• $\begingroup$ Thanks for this answer. I'm gonna have to work through that thouroughly if I'm going to have a chance to understand it, I'm afraid. How about my idea about using Leibniz convergence test? $\endgroup$ – Jarvi79 Sep 23 '14 at 20:52
  • $\begingroup$ Explain it in detail and we will see if it works... $\endgroup$ – Did Sep 23 '14 at 20:53
  • $\begingroup$ Well, I need to show that the terms alternate in sign. This is easy to see since sin(-v) = -sin v so for example $-\sin(-\sin(m))=sin(sin(m))$. This way you can see that the signs alternate. I also need to show that $a_k\rightarrow0$ as $k\rightarrow\infty$. This is more difficult. I tried to convince myself using a geometric approach where I drew the unit circle and explored the angles. Do you have a better idea? I also need to show that $|a_{k+1}|<|a_k|$. Maybe this follows from $|\sin{x}|<|x|$? My reasoning is that that implies that $|\sin{a_k}|<|a_k|$ which shows that $|a_{k+1}<|a_k|$ $\endgroup$ – Jarvi79 Sep 23 '14 at 21:09
  • $\begingroup$ @Did: Nice! I wonder if you can get an asymptotic expansion for $a_n$. $\endgroup$ – Orest Bucicovschi Sep 23 '14 at 21:34
  • $\begingroup$ "Do you have a better idea?" To show convergence to zero? Well... this is kind of... like... in my answer, no? $\endgroup$ – Did Sep 23 '14 at 22:16
1
$\begingroup$

We will prove that $$\lim n \cdot a_n^2 \to 3$$ where $a_{n+1} = \sin a_n$ and $a_0 = a \ne k \pi$.

It is easy to see that $a_n \ne 0$ for all $n$. ( the only root of $\sin x$ in the interval $\sin (\mathbb{R}) = [-1,1]$ is $x=0$) Moreover, since $|\sin x| \le |x|$ for all $x \ne 0$ we conclude that $(a_n)_{n \ge 1}$ is strictly decreasing and $>0$ if $a_1 \in (0,1]$ and strictly increasing and $<0$ if $a_1 \in [-1,0)$. Therefore the sequence $(a_n)$ is convergent. Let $l$ be the limit. Since $x\mapsto \sin x$ is a continuous function from $a_{n+1} = \sin a_n$ we conclude $\sin l = l$ and therefore $l = 0$.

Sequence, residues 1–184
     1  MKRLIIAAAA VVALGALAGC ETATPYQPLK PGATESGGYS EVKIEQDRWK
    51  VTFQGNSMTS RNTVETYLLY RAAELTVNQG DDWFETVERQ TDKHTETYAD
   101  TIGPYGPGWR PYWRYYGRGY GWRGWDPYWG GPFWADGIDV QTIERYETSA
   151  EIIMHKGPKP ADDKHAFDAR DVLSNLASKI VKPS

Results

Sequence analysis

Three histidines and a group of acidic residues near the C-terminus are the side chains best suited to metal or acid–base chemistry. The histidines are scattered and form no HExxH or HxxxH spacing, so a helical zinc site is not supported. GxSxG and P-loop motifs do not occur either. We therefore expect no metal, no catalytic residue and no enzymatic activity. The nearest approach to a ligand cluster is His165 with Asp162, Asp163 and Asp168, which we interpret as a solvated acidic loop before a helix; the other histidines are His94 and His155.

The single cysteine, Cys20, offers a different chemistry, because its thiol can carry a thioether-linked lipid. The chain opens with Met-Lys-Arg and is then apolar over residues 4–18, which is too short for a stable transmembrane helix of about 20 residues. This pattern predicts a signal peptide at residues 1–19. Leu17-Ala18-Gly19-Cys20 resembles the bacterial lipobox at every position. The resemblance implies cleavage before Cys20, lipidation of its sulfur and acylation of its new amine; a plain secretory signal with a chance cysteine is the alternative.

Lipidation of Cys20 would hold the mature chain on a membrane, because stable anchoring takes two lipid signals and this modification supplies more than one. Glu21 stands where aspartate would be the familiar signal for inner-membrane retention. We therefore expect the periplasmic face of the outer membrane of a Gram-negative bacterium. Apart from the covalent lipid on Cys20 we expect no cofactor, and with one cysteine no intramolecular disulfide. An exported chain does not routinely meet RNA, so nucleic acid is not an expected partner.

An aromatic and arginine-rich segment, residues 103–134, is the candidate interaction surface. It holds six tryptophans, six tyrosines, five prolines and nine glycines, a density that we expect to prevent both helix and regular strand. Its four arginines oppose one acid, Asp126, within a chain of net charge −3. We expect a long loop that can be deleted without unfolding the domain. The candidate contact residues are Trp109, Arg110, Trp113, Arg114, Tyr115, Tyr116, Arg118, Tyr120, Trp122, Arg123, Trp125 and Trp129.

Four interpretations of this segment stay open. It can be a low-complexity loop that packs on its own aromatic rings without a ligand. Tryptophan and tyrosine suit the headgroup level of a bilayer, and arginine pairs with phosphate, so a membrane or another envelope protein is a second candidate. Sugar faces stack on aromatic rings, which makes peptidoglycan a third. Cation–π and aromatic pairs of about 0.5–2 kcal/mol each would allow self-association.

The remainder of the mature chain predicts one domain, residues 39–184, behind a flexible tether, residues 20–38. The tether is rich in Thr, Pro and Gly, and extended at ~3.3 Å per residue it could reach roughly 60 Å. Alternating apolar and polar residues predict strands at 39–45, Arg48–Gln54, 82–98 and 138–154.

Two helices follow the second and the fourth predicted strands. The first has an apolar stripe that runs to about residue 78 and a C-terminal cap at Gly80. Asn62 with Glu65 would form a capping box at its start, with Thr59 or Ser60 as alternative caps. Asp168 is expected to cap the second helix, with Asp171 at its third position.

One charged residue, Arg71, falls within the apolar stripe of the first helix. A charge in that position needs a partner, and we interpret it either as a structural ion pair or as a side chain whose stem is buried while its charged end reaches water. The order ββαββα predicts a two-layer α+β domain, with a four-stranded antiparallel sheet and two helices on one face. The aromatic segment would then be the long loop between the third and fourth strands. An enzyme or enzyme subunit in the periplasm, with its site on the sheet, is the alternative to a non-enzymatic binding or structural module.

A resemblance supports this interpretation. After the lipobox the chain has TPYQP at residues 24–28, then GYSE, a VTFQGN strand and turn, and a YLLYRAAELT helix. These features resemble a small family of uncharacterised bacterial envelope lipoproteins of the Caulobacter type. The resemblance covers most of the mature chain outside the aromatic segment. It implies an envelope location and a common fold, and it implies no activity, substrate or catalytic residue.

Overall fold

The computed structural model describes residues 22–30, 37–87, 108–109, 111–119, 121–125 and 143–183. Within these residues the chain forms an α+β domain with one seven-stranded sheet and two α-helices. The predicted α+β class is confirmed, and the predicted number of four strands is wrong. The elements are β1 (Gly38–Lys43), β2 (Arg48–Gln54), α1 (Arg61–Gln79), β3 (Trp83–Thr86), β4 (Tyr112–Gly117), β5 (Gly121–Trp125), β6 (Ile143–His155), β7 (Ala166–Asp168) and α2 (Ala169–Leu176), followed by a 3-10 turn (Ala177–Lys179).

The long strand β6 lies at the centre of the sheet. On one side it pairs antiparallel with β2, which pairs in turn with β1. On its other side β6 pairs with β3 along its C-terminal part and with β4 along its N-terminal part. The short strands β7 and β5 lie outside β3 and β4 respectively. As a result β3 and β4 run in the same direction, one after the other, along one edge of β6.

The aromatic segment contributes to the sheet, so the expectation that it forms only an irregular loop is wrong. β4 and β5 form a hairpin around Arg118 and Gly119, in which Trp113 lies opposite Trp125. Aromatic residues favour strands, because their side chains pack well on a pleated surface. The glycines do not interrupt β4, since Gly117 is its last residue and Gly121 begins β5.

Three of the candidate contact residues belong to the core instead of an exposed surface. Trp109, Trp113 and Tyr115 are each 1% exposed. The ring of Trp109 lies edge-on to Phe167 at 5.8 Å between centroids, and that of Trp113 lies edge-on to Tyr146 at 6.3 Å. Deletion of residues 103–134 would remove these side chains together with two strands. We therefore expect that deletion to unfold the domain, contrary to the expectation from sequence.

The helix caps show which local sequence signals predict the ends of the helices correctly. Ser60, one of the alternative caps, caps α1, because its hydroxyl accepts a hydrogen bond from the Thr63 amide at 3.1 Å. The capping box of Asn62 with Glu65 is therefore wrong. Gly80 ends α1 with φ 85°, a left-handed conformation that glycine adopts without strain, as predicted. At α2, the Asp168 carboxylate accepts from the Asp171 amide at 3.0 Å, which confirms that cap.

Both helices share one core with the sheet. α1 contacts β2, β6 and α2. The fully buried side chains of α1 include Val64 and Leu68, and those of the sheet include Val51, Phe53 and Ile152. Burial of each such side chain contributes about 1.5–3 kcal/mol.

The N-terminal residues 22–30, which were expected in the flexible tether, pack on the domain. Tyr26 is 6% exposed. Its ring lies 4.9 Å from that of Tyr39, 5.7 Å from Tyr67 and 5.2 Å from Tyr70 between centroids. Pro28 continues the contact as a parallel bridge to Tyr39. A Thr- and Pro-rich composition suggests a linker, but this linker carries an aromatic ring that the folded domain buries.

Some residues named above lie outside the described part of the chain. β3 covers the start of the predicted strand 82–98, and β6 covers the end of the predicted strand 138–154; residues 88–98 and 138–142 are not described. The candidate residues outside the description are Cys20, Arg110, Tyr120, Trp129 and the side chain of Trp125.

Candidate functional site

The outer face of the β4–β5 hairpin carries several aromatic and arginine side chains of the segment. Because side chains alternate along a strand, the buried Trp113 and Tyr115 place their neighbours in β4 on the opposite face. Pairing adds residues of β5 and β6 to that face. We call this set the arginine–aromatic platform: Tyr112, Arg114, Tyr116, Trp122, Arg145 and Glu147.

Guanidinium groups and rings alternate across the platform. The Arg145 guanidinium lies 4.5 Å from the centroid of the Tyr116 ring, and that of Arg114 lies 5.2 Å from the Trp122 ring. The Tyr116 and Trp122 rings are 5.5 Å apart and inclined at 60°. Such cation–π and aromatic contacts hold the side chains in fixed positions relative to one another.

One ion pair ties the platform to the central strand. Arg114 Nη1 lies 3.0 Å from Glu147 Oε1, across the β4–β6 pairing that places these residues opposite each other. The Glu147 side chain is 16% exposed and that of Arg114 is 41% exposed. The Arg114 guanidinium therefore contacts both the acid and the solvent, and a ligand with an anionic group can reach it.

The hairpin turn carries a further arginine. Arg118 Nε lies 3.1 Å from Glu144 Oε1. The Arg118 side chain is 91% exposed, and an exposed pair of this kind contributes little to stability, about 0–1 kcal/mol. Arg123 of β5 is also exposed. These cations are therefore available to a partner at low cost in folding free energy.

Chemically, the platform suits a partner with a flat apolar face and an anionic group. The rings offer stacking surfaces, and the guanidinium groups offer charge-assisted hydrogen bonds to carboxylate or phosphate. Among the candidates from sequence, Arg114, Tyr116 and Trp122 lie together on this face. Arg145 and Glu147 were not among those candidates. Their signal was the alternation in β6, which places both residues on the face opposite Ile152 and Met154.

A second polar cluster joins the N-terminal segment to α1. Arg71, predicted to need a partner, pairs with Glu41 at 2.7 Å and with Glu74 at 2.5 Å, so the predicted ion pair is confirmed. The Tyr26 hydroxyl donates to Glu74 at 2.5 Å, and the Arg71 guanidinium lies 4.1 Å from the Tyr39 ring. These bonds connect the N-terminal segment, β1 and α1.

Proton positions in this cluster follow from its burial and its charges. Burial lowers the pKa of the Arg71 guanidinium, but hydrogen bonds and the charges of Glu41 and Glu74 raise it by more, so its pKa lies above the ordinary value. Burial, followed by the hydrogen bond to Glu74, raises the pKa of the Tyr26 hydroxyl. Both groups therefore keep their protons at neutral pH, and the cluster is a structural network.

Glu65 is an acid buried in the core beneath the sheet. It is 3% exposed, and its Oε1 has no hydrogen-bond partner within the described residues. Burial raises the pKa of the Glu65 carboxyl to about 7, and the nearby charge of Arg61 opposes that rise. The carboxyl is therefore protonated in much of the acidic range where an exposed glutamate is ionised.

We will show that $n\cdot a_n^2 \to 3$, or, equivalently $$\lim \frac{1/a_n^2}{n} =1/3$$ We'll prove a stronger(use Stolz–Cesàro) $$\lim_{n\to \infty} (1/a^2_{n+1} - 1/a_n^2) = 1/3$$ Since $a_n\to 0$ we'll prove instead $$\lim_{x->0} (1/\sin^2 x- 1/x^2) = 1/3$$

Indeed we have the expansion $$ 1/\sin ^2 x =1/x^2 + 1/3 + x^2/15 + O(x^4)$$

and the statement is proved.

It is apparent that the speed of the convergence of a sequence of iterates $f^n(a)$ to the (locally) unique fixed point $0$ of $f(x)$ has to do with the expansion of $f(x)$ at $0$. Write: $$f(x) =x( 1 + c_s x^s + c_{s'}x^{s'}+ \ldots )$$ Then we have $$ \lim_{x\to 0} \frac{1}{f(x)^s} - \frac{1}{x^s} = -s \cdot c_s$$ Conclusion: If $0$ is an isolated fixed point and $a_n \ne 0$ is a sequence of iterates converging to $0$ then $$n\cdot a_n^s\to - s\cdot c_s$$

Observation: If the expansion at $0$ is more general $c_0 x + \ldots $ then for $|c_0|<1$ any sequence of iterates has convergence at least exponential while for $|c_0|>1$ it seems that $0$ will not be an attractive fixed point.

$\endgroup$

Your Answer

By clicking “Post Your Answer”, you agree to our terms of service, privacy policy and cookie policy

Not the answer you're looking for? Browse other questions tagged or ask your own question.